by Roger Russell
Mark W. Everson was confirmed by the Senate on May 1, 2003, as Commissioner of Internal Revenue, becoming the 46th commissioner since the agency was created in 1862.
As commissioner, Everson presides over the continued reorganization and modernization of the nation’s tax administration agency, which currently has about 100,000 employees.
He brings to the office a rare mix of public and private service, including a stint as a CPA with Arthur Andersen & Co. in New York.
Everson recently reflected about his experience during his first year in office and the issues affecting the agency with Accounting Today senior editor Roger Russell.
Looking back a year, what notions did you have about your job when you started that proved to be off the mark, and which proved to be right on target?
Everson: I articulated three themes during the confirmation process. I praised the work done under Charles Rossotti in strengthening and improving service levels to taxpayers and the reorganization that was implemented around customer lines of business. I said we had a mixed grade on the modernization program because we were doing some things very well in terms of the increase in e-filing and some of the technical applications that practitioners and individual taxpayers could take advantage of, but we failed on some of the key big-ticket projects on modernization. The third thing I said is that we need to strengthen enforcement.
I’m convinced those are the right three themes: Keep working on the service side, fix the modernization but dramatically strengthen enforcement, all the time respecting taxpayer rights and everything that was written into law in 1998. My experience over the first year reinforced that judgment. What surprised me was the decrease in enforcement. I understood that enforcement was down, but I probably didn’t appreciate just how broadly the erosion in enforcement had taken place across all sorts of indicators for the agency over a period of time. We stepped in to arrest that not a moment too soon.
Have you found that your CPA training has helped in your position as commissioner?
Everson: I think that the training as an outside auditor was important, because what an auditor does is come in from the outside and gather information, some primary, some secondary, and put it all together and assess the facts, and assess the story that’s been written about the facts, meaning the financial statements.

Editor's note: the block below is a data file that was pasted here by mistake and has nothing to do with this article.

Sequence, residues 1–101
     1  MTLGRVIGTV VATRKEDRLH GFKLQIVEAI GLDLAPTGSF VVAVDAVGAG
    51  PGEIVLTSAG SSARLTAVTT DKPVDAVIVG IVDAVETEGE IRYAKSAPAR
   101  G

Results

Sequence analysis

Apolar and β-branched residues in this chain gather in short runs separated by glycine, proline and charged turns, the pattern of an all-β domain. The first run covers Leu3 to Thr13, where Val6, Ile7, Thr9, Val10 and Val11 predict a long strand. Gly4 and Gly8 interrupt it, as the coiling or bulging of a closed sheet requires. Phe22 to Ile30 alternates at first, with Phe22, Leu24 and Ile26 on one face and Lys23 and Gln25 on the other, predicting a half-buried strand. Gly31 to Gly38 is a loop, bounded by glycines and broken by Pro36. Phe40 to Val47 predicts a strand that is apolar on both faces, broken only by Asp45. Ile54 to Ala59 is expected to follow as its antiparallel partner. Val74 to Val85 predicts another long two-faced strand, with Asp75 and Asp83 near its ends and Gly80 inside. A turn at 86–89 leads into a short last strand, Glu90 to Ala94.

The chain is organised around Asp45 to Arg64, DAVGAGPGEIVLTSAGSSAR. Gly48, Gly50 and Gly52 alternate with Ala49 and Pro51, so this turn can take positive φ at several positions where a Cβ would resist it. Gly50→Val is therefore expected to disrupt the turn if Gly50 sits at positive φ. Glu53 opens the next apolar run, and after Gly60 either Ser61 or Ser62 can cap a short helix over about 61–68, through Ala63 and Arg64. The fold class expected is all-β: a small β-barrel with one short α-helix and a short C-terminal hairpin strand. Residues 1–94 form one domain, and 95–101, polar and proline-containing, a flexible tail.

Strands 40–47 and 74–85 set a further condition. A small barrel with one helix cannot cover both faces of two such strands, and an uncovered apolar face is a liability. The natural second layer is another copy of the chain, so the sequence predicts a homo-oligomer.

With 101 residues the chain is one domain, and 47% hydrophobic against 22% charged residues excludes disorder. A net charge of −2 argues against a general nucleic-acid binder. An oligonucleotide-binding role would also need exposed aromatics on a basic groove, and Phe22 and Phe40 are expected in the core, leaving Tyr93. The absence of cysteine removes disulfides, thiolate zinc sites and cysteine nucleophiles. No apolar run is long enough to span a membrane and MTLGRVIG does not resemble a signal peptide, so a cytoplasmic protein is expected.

That analytical training when you have less than 100 percent of the information — you never do as an auditor — is fundamental to any leadership or executive job because you’re always making decisions based on incomplete information. You have to work from the information you have or ask follow-up questions to get more information than you have.
You have stated that taxpayers should be notified if their data has been outsourced to a foreign jurisdiction. What are your thoughts on this?
Everson: We got a letter from a congressman asking us about the obligations for practitioners. While we concluded that we couldn’t compel people to use U.S. service providers, I commented that I felt that it was important that the practitioners disclose to taxpayers where the work was being done. I think people are entitled to know at a minimum whether they’re buying a U.S. product or a foreign product.
It looks as though some form of tax preparer registration — for preparers who are not CPAs, enrolled agents or attorneys — might be passed this year. Any thoughts on how the IRS will go about this?
Everson: It’s in one of the bills [before Congress] but not the others. I’m not sure what its prospects are, but I’m concerned because I wouldn’t want to see us be given responsibility to do something we couldn’t adequately implement. I don’t know if it will get passed or not, but it’s not something I’m clamoring for.
It would take a lot of resources to do it properly, because you’re talking about hundreds of thousands of preparers. Some of the provisions talk about testing and re-certification and that would be quite manpower-intensive unless there was a fee arrangement, but it would certainly be an expansion of responsibilities.